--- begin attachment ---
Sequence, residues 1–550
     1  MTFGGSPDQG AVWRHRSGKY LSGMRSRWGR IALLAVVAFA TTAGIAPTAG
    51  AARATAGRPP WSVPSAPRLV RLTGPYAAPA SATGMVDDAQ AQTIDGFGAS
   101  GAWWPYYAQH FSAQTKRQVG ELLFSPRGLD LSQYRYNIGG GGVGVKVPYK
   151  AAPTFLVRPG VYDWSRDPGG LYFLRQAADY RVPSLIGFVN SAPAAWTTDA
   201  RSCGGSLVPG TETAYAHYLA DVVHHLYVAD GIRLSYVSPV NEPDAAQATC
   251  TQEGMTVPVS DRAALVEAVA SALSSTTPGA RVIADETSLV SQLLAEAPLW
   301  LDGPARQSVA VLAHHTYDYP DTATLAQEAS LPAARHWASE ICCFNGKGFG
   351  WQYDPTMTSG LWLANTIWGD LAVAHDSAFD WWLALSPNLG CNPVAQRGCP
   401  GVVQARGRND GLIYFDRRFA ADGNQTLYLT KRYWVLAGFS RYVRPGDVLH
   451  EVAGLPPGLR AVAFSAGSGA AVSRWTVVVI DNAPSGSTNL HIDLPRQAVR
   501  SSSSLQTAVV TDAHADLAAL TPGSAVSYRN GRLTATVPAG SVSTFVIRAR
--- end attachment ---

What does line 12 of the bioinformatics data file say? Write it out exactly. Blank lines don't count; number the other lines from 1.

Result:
   501  SSSSLQTAVV TDAHADLAAL TPGSAVSYRN GRLTATVPAG SVSTFVIRAR